Association of Chinese Professionals

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Association of Chinese Professionals (ACP) is a name for a number of not-for-profit organizations in United States of America, and potentially some local organizations in Australia, Europe and China. These organizations do not share any organizational relations or any hierarchical relations.

History[edit]

An organization was first registered in the state of New Jersey in the early 1992 under the name "Association of Chinese Professionals" (ACP) with a Chinese name "中华专业人士协会". At that time, the first wave of the students from Mainland China was graduating from graduate schools and entering into the American work force. Many of them felt the need for having means to get reconnected to their peers after leaving schools. A Ph. D. graduate from GoergeTech Mr. Wenming Kuai made the first call by sending an email for this organization. Later a mailing list on listserver at emailogy.com was requested by Kuai to enable communications between the members. Another Ph. D. working as a research faculty in University of Pennsylvania Mr. Linxiong Shao took the task to register the organization in the state of New Jersey. In the meanwhile, a Board of Trustees of twelve members and a Bylaws were created in accordance with the laws.

This organization grew rapidly, under competitions of other not-for-profit organizations of similar purpose, noticeably from the CAST (Chinese Association of Science and Technology) based in New York. A number of local activities were organized in ACP's headquarter the Greater Philadelphia Metropolitan Area. A number of attempts were made to solicit sponsorship for the new born without fruitation. However, delegation from ACP was invited to participate and had contributed in numerous discussions with official delegations from China on topics of major concerns such as the industrial sectors the Chinese economy should first concentrate to develop. In the early 1993, the First National Assembly of Association of Chinese Professionals was held in Newark, Delaware.

There was a reason for the term "Chinese Professionals" (中华专业人士) to be chosen in the organization's name. At the time of its inception, a number of other not-for-profit organizations were being organized by these new Chinese immigrants, and in general all of the other organizations had been set up for a specialized field, such as practice of laws, chemical engineering, or general science and technology. In the case of ACP, its founding members included not only engineers and researchers, but also other professionals such as insurance agents. The name was then chosen to cover all walks of business, and it proved to be a wise choice.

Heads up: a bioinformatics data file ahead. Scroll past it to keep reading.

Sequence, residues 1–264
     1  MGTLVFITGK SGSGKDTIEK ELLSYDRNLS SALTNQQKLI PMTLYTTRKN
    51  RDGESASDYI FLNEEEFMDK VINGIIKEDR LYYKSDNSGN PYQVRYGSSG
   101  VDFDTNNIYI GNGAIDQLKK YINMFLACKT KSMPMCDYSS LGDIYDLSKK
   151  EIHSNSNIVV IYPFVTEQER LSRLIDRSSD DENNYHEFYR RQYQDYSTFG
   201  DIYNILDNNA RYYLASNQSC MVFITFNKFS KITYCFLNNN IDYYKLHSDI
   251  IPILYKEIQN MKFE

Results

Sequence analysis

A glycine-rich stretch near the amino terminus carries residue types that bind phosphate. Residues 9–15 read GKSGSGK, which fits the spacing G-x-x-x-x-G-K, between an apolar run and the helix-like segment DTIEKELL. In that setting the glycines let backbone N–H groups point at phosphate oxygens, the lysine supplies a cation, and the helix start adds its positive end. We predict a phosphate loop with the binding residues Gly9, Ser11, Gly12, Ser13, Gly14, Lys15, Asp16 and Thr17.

Existing independent organizations[edit]

There are other organizations under the name "Chinese Professionals", including the followings:

  • "华人青年协会 Chinese Young Professionals Networking (CYPN)" is a Massachusetts registered non-profit organization founded in 2010.
  • "奥兰多中国专业人士协会 Orlando Chinese Professional Association (OCPA)" is a Florida registered non-profit organization founded in June 1995 by a group of dedicated and enthusiastic Chinese professionals in Orlando.
  • "美国华人专业人士协会 American Association of Chinese Professionals (AACP)" is a California non-profit organization founded in 2007 by a group of dedicated and enthusiastic Chinese professionals.
  • "加拿大中国专业人士协会 Chinese Professionals Association of Canada (CPAC)" is a federally registered not-for-profit organization founded in 1992.

Notes[edit]

  • The original email that called for this organization from Kuai was available before sometime in 2008, but now it cannot be found. The initial discussion for this organization was communicated through the mailing list soc.culture.china on the Internet prior to the invention of HTTP protocol and the Mosaic browser. Another email that intended to clarify the purpose of the organization (which was initially called CPC, Chinese Professionals Club) sent on January 3, 1992 by Kuai can be found in Google cached pages.[1]
  • So many organizations were registered by these Chinese immigrants at the time that once Professor Wen Yuankai (温元凯) with USTC (University of Science and Technology of China) had teased that “你们现在这里成立组织多得就跟当年文化大革命成立战斗队似的” in his speech to the Chinese students in University of Delaware. Most of these organizations were organized by the new graduates from engineering schools. A very small number of Chinese students in that era was studying liberal arts or business in USA.

References[edit]

  1. ^ "email to clarify by Kuai on Jan. 3, 1992". 

External links[edit]